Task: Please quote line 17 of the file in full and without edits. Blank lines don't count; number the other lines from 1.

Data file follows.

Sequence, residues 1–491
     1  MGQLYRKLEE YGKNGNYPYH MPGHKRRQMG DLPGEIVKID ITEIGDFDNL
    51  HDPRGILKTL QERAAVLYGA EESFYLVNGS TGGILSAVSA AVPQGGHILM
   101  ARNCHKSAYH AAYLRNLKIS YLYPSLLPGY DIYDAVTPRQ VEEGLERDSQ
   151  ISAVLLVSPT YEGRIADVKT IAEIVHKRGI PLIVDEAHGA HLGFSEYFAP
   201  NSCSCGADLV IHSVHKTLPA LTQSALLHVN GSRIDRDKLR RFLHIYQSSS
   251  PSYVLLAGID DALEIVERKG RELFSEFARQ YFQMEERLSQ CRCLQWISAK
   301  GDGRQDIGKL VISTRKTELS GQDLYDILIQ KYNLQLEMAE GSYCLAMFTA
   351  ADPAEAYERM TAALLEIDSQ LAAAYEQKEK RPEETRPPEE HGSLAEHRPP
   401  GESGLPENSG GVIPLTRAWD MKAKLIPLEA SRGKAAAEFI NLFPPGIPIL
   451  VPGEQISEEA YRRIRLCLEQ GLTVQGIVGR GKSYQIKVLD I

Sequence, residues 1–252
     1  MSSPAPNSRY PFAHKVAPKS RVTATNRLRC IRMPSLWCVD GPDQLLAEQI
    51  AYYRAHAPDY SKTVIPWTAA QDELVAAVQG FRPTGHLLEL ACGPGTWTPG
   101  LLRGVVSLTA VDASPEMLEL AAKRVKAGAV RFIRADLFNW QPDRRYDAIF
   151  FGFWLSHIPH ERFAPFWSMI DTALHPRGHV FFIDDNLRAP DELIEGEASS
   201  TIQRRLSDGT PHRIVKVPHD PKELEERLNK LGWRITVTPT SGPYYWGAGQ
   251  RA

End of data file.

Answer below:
   201  TIQRRLSDGT PHRIVKVPHD PKELEERLNK LGWRITVTPT SGPYYWGAGQ